On Tuesday, September 5 the Trump Administration announced that they are repealing the DACA program-which will affect 800,000 undocumented young people.
Standing with the Dreamers, Fr. Timothy Kesicki, S.J., president of the Jesuit Conference of Canada and the United States, released a letter from the Jesuits regarding this decision to repeal DACA. He said that “now more than ever, we commit ourselves to living out God’s law, which calls on us to love the stranger, remembering that our ancestors in faith were once strangers in a foreign land.” The letter speaks of the ways that Dreamers have positively affected Jesuit institutions and how these institutions will continue to support comprehensive immigration reform.
The Association of Jesuit Colleges and Universities released a similar statement regarding the Jesuit mission to protect and commit to educating undocumented students.
Jesuit institutions across the nation have come together in solidarity with the Dreamers by hosting rallies and prayer vigils. Presidents of Jesuit universities have issued statements regarding DACA with many calling on Congress to act as soon as possible in order to provide a future for undocumented young persons.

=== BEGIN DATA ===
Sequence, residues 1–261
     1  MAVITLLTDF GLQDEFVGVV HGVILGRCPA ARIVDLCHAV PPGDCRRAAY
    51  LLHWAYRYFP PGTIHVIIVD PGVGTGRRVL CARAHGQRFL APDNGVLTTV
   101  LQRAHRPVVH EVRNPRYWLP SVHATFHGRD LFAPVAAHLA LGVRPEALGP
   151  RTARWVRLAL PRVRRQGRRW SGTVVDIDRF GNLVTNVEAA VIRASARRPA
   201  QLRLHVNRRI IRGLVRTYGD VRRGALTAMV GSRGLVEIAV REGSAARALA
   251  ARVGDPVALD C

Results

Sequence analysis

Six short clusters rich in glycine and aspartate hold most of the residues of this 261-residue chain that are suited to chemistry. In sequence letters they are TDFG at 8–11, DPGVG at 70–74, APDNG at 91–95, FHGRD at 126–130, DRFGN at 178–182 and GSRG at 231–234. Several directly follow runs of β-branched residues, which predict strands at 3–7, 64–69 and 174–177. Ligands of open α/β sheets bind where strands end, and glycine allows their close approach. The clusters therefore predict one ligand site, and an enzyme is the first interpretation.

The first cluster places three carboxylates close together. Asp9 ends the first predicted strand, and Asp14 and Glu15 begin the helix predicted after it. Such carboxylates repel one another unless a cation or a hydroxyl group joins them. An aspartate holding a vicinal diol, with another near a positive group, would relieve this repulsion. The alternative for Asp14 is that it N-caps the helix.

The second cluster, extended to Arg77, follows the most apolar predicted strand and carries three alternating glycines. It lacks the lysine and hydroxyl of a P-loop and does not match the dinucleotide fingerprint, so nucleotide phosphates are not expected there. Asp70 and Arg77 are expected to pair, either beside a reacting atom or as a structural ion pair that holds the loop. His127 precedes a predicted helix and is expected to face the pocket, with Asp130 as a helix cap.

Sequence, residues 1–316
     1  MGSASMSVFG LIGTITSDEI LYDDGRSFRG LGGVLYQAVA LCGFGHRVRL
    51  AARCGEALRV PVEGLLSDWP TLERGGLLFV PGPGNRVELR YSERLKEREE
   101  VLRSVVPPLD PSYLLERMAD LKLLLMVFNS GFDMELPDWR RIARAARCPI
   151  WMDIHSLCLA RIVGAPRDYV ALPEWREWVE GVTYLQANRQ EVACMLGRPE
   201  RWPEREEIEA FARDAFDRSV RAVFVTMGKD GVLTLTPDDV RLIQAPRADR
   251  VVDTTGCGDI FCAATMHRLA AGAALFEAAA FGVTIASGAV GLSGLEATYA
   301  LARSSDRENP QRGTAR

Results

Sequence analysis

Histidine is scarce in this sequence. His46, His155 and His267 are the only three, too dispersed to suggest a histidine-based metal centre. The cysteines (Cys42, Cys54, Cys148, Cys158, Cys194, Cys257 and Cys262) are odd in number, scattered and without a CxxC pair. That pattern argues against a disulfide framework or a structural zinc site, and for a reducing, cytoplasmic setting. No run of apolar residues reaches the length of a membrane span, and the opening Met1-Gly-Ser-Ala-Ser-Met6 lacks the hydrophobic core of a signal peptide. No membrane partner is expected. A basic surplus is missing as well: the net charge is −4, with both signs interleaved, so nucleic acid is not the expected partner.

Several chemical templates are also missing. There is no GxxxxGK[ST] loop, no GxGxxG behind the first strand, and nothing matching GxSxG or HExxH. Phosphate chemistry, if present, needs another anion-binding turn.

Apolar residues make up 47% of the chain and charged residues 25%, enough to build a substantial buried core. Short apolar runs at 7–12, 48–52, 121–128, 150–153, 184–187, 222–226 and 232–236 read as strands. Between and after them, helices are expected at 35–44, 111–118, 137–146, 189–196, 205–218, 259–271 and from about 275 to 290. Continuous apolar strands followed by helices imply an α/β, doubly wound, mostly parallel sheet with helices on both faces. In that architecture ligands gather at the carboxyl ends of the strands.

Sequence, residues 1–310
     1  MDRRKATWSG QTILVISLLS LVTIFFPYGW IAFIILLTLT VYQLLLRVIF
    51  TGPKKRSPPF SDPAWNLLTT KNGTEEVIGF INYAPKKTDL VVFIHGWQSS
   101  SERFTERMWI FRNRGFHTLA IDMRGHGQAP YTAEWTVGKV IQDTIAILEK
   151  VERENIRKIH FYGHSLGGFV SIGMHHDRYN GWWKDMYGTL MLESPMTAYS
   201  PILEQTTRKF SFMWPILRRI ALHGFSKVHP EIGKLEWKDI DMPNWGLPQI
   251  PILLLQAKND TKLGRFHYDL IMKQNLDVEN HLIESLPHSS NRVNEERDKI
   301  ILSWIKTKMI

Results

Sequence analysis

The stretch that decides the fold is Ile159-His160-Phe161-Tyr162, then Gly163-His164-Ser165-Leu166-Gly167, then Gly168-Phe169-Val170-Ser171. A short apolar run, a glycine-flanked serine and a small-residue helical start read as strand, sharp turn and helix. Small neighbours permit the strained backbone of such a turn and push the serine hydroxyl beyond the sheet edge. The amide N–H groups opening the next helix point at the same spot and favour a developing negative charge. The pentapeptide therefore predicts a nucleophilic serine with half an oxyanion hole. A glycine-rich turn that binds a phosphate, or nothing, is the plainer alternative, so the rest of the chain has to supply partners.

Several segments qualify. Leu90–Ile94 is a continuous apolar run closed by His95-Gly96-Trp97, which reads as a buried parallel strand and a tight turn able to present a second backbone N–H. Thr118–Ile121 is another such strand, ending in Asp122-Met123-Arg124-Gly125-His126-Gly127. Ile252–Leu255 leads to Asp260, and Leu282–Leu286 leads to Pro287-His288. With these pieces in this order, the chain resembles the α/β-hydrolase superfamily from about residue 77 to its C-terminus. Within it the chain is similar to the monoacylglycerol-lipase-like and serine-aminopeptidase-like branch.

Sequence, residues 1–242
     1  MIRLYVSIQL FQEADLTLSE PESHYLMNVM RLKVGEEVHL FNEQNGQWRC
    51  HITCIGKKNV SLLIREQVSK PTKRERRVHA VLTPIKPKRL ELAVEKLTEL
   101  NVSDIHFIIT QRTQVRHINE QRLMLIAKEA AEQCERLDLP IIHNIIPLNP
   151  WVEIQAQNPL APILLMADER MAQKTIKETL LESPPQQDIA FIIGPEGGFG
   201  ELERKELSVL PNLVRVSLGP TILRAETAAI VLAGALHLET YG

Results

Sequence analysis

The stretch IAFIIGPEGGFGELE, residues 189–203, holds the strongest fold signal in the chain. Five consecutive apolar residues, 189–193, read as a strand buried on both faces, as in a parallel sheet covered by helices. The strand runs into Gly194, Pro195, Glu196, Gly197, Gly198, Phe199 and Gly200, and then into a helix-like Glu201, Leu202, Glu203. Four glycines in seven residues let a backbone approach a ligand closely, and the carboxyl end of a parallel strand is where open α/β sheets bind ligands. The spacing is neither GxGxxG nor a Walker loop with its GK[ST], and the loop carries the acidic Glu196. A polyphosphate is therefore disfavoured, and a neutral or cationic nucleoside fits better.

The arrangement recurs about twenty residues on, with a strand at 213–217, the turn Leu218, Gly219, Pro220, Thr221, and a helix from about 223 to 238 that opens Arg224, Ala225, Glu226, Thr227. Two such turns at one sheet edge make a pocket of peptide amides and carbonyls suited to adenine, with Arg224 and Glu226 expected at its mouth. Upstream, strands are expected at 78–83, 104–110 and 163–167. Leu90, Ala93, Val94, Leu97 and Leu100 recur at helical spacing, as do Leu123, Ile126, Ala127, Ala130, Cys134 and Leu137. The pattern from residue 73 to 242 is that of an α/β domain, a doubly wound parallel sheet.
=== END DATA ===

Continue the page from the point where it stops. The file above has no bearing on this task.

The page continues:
Join Ignatian Solidarity Network on Thursday, February 16 at 3 PM EST for an online conversation with Jesuit college and university faculty and administrators on how to support students who are undocumented. A new political landscape in the U.S. has brought with it unique realities for people in the without documentation, including students at Jesuit colleges and universities. How are faculty and administrators responding to the changing reality facing these students?
The Student Diversity and Multicultural Affairs Office at Loyola University Chicago , partnering with the Ignatian Solidarity Network, have shared a video presentation from their “Undocumented Students Ally Trainings” program. This video focuses on skills to understand the value and importance of exploring the experiences and perspectives of undocumented students. The training session aims to generate knowledge for self-learning and to increase on-campus support for undocumented students.
At Loyola University Chicago, upon completing the training, trainees receive a placard that recognizes them as allies and as points of support for undocumented students on campus. The goal is that participants display these placards in their work area to invite questions and/or dialogue about the issues that impact this community. For more information, see the blog post from Ignatian Solidarity Network.
Over 100 Catholic college and university presidents have signed a statement of support of undocumented students. The statement, sponsored by ACCU, pledges support of students who have been approved for Deferred Action for Childhood Arrivals (DACA) and expresses hope that their studies will be allowed to continue uninterrupted. Those who signed “pledge to support these students – through our campus counseling and ministry support, through legal resources from those campuses with law schools and legal clinics, and through whatever other services we may have at our disposal.”